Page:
A tale of two candy bombers

Candy falling from the sky via parachute - seems only a cinematic daydream, but is reality. From Berlin to Manteo, this historic event has transcended the decades between it and brought to life on the shores of North Carolina.

photo courtesy of Berlin Airlift Historical Foundation—photo courtesy of Berlin Airlift Historical Foundation
The C-54Spirit of Freedom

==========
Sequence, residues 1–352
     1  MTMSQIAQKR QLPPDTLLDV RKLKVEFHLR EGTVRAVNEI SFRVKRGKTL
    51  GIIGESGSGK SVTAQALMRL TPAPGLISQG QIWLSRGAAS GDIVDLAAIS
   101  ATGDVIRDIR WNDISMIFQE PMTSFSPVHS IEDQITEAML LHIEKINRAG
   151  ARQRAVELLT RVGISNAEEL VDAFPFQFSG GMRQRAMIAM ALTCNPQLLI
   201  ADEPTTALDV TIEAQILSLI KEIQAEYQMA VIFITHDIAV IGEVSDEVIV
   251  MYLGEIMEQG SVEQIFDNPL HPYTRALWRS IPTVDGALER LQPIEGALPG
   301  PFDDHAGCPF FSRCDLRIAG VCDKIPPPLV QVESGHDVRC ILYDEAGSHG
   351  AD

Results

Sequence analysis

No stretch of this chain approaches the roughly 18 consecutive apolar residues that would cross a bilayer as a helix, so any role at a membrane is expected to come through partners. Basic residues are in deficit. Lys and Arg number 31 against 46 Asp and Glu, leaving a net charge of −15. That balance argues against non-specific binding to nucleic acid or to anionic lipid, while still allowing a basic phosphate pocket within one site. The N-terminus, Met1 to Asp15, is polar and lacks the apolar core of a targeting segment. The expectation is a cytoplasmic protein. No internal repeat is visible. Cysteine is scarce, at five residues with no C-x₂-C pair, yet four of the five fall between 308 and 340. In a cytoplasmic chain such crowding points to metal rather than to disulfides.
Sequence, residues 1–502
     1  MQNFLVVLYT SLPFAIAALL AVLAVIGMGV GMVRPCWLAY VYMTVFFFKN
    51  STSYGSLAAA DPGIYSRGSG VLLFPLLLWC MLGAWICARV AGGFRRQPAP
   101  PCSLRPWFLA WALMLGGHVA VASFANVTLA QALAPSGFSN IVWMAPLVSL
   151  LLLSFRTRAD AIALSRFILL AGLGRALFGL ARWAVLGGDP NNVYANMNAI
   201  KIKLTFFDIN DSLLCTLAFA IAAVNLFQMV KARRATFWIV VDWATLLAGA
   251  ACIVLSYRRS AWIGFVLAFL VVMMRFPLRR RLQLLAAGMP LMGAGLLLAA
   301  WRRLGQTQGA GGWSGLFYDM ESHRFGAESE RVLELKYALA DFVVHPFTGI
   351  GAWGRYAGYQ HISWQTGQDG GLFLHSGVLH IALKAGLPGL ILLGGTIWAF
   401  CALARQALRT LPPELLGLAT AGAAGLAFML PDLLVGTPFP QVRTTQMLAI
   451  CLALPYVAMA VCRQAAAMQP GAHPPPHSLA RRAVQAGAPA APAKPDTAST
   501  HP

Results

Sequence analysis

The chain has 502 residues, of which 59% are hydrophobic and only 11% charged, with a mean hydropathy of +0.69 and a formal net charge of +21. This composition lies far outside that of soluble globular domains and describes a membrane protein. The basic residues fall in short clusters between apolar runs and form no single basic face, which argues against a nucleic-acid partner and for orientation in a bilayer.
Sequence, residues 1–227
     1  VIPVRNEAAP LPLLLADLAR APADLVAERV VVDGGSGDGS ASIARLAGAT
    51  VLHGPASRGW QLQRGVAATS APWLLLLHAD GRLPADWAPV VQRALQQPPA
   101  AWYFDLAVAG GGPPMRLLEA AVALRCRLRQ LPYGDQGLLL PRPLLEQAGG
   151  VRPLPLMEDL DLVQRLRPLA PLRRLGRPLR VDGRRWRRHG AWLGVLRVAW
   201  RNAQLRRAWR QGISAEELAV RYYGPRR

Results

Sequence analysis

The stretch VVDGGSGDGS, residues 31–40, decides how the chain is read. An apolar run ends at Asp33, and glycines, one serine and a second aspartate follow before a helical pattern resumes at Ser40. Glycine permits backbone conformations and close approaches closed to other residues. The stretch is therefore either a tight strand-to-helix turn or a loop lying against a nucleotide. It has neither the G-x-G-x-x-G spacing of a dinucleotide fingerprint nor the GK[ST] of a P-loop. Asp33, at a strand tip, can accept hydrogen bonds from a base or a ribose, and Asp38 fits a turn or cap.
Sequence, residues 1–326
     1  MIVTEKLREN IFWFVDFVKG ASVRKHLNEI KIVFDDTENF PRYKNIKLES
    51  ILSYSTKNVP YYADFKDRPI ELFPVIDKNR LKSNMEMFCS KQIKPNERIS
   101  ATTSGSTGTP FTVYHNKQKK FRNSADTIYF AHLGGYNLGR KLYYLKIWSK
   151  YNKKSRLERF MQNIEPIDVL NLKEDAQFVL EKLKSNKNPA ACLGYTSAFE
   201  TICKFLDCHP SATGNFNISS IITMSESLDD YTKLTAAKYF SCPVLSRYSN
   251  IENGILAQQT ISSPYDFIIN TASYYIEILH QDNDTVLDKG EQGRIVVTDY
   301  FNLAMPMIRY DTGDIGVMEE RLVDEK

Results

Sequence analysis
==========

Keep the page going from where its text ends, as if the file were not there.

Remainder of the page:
Colonel Gail S. Halvorsen grew up on a farm in rural Utah. As the second World War approached, Halvorsen would frequently look up from his laboring as a sugar beet farmer, awestruck by planes flying above. Soon, he applied and was accepted into a pilot-training program, eventually joining the United States Army Air Corps. In July of 1948, he left for Germany to serve as a pilot for the Berlin Airlift. Post World War II, Germany fell under multi-national occupation. In attempts to gain control, the Soviet Union blocked off railway, canal, and road access to sections under Western control. The Berlin Blockade became the first major international crisis of the Cold War.”Operation Vittles” served as a way to send supplies to allied forces and citizens in the area. Halvorsen served as one of those pilots operating a C-54 cargo plane. Yet, he had some other ideas about bringing hope to the quickly fading morale of people in West Berlin.Aside from piloting, Halverson had an interest in photography. One day while filming planes landing and taking off at Templehof, he noticed some 30 children lined up at the barbed wire fence. He spoke to the children, quickly learning how little they had, one child told him if the weather is bad – to not worry about landing as they can get by on little food. Halverson reached in his pocket pulling out two sticks of gum, the children broke it into pieces and shared it. Those who didn’t get a piece licked the wrapper. This deeply impacted Halverson and without seeking permission, he devised a plan. That very night Halverson, his copilot, and engineer pooled their candy rations. In order to not hurt the children upon landing, he made three parachutes out of handkerchiefs. Once a week, for three weeks, when Halverson and his crew were dropping supplies, they would also drop candy to the children. Shortly, the amount of children waiting at the barbed wire fence grew significantly. Coined “Operation Little Vittles” support eventually reached the United States in which candymakers donated to the cause, and organizations met to fill and tie the handkerchiefs. The operation lasted from September 22, 1948 to May 13, 1949.What Halverson didn’t know, was that through all of this there was a young child named Karin Edmonds, watching the ravaged and war torn streets of Berlin through her parent’s apartment window. Edmonds recalled planes dropping supplies to Templehof and that, “Daddy wouldn’t let us go to the candy drops, as Berlin was dangerous at that time.” Edmond’s family struggled to get by. She noted wearing the same brown dress with white dots for two years, a delicacy was “a slice of bread, lard, and a little salt.”In 1960, Edmonds married an American serviceman, although he passed away in 1980 she stayed in the US, eventually residing in Manteo. For the past 16 years, Edmonds has diligently worked to recreate the same magic she felt in Templehorf to a younger generation through the annual Candy Drop.Halverson himself (now 96) comes each year for the event and pilots the original C-54 cargo aircraft used, the Spirit of Freedom. Lining up closely to the same day as the Wrights’ first flight, the candy drop is funded entirely through donations. Individuals and businesses who contribute $25 or more will received a hand-croched hat made by Edmonds herself. Donors who contribute $500 or more get to ride over the Outer Banks during the candy drop in the Spirit of Freedom. It’s no cheap feat to bring the magic to Manteo; fueling the airplane alone costs $2,500. Edmonds said, that while Halverson is now too old to pilot by himself, his son Brett comes along. The event, which took place Dec. 18, lasts around five hours. First they drop 32 parachutes for the 32 pilots who lost their life during the blockade. There’s a first drop for smaller children and a second for older kids. Edmonds said there’s usually around 300 children. One of her favorite parts is to witness their faces light up and “to see them chasing after the parachutes.”This year, the candy drop is bittersweet — it will be the last year Halverson is able to attend. Even after the Spirit of Freedom returns to the hangar and the children go home, the Candy Drop is something that will stay in their hearts forever. Just like Edmond, who despite financial setbacks and year-round planning, believes the past 16 years have been completely worth it.